Cycle Orange


Orange, in New South Wales’ Central West region, is going mad for cycling. Local enthusiast and advocate David Waddell takes us on a tour of what’s on offer.

Heaving myself out of the saddle to climb the last 50m stretch of the Pinnacle on a midday ride with mates I couldn’t help but reflect how lucky I was to be able to go for lunchtime sessions in such a beautiful place just ten minutes out of town.

The Pinnacle ride is a 29km loop from town, rising to 1,132m (out of town’s 862m) with grades up to 14%. It takes around 1 hour and 20 minutes to complete. For a Saturday morning ride, there’s a bunch that screams around a 60km Tallwood loop at a pace you’d never achieve in the city. You might see ten cars along the way which is an added plus if you’re used to jostling for space. Road quality isn’t amazing but potholes are part of country life.

I’ve faced Peaks Challenge Falls Creek, and while it is beautiful country in north­east Victoria, it is a long way away for Sydney people to travel. In Orange, we are spoilt with hills, long flats, a strong cycling culture, mountain biking tracks galore, a velodrome and an old volcano called Mt Canobolas. What’s more, it’s within striking distance of Canberra and Sydney.

Located in the central west of NSW, the town of Orange is roughly 3–4 hours from Sydney depending how you feel like driving. Most people make a nice drive of it and stop in the Blue Mountains or Bathurst along the way.

Road cycling

The local council is very supportive of cycling and has a variety of material online. The Cycle Orange Guide, available from the Visitor Centre on Byng Street (near the library), provides a detailed guide to the variety of riding on offer.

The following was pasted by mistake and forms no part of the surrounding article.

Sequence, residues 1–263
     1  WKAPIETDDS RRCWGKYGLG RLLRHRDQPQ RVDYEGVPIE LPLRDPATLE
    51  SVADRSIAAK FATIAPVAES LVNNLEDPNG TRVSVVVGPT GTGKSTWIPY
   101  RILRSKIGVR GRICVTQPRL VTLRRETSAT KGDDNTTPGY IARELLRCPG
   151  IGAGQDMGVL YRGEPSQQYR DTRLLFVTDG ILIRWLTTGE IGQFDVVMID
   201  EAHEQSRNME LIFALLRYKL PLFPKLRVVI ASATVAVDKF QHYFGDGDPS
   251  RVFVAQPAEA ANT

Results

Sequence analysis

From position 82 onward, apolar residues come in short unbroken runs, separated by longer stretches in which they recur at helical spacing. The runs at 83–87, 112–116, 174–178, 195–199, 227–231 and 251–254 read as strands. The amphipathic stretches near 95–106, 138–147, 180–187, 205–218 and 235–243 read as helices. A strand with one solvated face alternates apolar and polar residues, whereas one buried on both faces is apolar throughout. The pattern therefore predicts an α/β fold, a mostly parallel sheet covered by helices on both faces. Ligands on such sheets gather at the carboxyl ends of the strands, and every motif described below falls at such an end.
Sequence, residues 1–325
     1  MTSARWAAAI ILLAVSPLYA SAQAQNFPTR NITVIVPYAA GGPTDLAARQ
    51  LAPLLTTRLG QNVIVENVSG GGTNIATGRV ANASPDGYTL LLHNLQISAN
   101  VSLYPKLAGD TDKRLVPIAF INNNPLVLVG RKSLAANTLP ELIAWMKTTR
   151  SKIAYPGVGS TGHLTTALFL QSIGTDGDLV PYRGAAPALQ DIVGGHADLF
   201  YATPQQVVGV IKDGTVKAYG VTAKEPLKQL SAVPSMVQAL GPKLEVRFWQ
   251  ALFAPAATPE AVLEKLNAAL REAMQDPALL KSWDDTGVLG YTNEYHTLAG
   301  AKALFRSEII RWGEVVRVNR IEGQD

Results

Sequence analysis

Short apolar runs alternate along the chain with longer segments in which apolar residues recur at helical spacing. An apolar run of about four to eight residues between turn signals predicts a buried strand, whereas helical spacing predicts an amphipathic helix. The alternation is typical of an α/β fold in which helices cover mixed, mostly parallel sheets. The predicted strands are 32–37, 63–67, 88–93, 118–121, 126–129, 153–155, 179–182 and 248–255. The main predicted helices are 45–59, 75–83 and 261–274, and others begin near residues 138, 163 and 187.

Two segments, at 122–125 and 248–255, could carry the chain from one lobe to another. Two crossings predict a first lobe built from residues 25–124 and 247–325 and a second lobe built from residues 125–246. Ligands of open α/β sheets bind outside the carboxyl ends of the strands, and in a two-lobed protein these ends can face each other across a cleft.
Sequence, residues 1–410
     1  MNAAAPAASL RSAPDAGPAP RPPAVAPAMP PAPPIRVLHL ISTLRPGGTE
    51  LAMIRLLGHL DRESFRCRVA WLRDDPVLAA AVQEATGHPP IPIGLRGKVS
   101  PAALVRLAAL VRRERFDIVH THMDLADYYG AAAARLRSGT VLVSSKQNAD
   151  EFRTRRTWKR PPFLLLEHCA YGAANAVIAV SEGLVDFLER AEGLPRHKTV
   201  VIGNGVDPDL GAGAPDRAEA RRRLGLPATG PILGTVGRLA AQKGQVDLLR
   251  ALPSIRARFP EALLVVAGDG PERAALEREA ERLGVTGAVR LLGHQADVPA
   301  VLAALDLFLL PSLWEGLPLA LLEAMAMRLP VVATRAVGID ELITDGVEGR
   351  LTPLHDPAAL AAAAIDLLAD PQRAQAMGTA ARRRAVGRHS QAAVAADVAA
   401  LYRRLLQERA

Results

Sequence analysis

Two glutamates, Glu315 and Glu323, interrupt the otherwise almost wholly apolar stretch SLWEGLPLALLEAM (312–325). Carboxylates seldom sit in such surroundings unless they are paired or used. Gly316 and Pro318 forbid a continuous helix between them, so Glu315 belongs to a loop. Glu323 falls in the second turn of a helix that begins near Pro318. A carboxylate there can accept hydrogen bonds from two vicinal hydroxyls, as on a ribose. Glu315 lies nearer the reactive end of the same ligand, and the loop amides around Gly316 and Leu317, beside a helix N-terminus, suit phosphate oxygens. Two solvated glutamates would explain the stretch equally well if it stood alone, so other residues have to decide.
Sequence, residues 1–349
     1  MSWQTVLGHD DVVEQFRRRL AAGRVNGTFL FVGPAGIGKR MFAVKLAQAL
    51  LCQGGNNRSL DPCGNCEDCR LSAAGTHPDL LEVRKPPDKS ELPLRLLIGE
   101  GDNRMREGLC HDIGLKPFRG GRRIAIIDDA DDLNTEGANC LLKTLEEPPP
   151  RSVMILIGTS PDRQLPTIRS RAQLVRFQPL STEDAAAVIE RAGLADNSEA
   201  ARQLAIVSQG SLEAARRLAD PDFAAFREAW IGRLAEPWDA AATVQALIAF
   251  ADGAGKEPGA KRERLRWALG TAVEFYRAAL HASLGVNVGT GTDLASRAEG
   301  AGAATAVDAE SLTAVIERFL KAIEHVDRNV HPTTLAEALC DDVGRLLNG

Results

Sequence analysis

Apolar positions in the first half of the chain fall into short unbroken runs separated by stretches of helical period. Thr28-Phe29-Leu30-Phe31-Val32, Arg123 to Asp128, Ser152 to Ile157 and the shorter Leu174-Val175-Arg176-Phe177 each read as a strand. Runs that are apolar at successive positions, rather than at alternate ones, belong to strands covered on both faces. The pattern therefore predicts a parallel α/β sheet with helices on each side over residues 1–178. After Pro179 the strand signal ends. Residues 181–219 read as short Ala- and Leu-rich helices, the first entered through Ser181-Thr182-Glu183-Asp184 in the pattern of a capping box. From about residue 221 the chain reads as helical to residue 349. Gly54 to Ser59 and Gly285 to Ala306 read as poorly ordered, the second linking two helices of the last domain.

For instance, there are four signposted loops to ride in town, ranging from 4.5 to 8 kilometres. These are mostly on­road and they take in Orange’s historic sites, playgrounds and green spaces. Then there are ten out­of­town loops ranging from 9.5km to 75km, accessing wineries, farm gates and the open road.

For mountain biking action, the guide details access to two areas of singletrack: over 30km worth in Kinross Forest, 6km out of town; and a mountain bike park on land recently gifted by Orange Council near Lake Canobolas. These trails provide some great short circuits for all levels. The fire trails of Mt Canobolas are also top notch.

Bike trails around Orange

Out of the rides on offer, a few stand out for special mention—for instance, the low­key riding out to Lake Canobolas, with the Lake Kiosk providing a great base in the district. Ben Crawley runs a lovely operation at the Lake with breakfast, lunch and dinner available.

The Mt Canobolas summit, rising to a lofty 1,395m, provides an adventurous ride. From The Mountain Tea House it’s 6km to the top. Even though there is a 2km dirt stretch, it is suitable for road bikes, as the clay soils are packed down. Allow for half an hour at the top to enjoy the panorama from the highest point in the Central West. Take care on the ride down as the bends are quite hairy. Fuel up at The Mountain Tea House then ride back to town via Lake Canobolas or lunch at the Lake Kiosk.

Great road riding abounds in Orange, and the roads are packed on Saturday and Sunday mornings with riders of every level heading out. Nearby Millthorpe is a historic town with a couple of great cafes. A 30km ride to Millthorpe followed by coffee or lunch and a return via Tallwood is a great way to spend a casual day. There’s also plenty of scope for other shorter rides including the Pinnacle (29km), Lucknow loop (35km), Tallwood loop (60km) and Panuara “Back of Mine” loop (75km).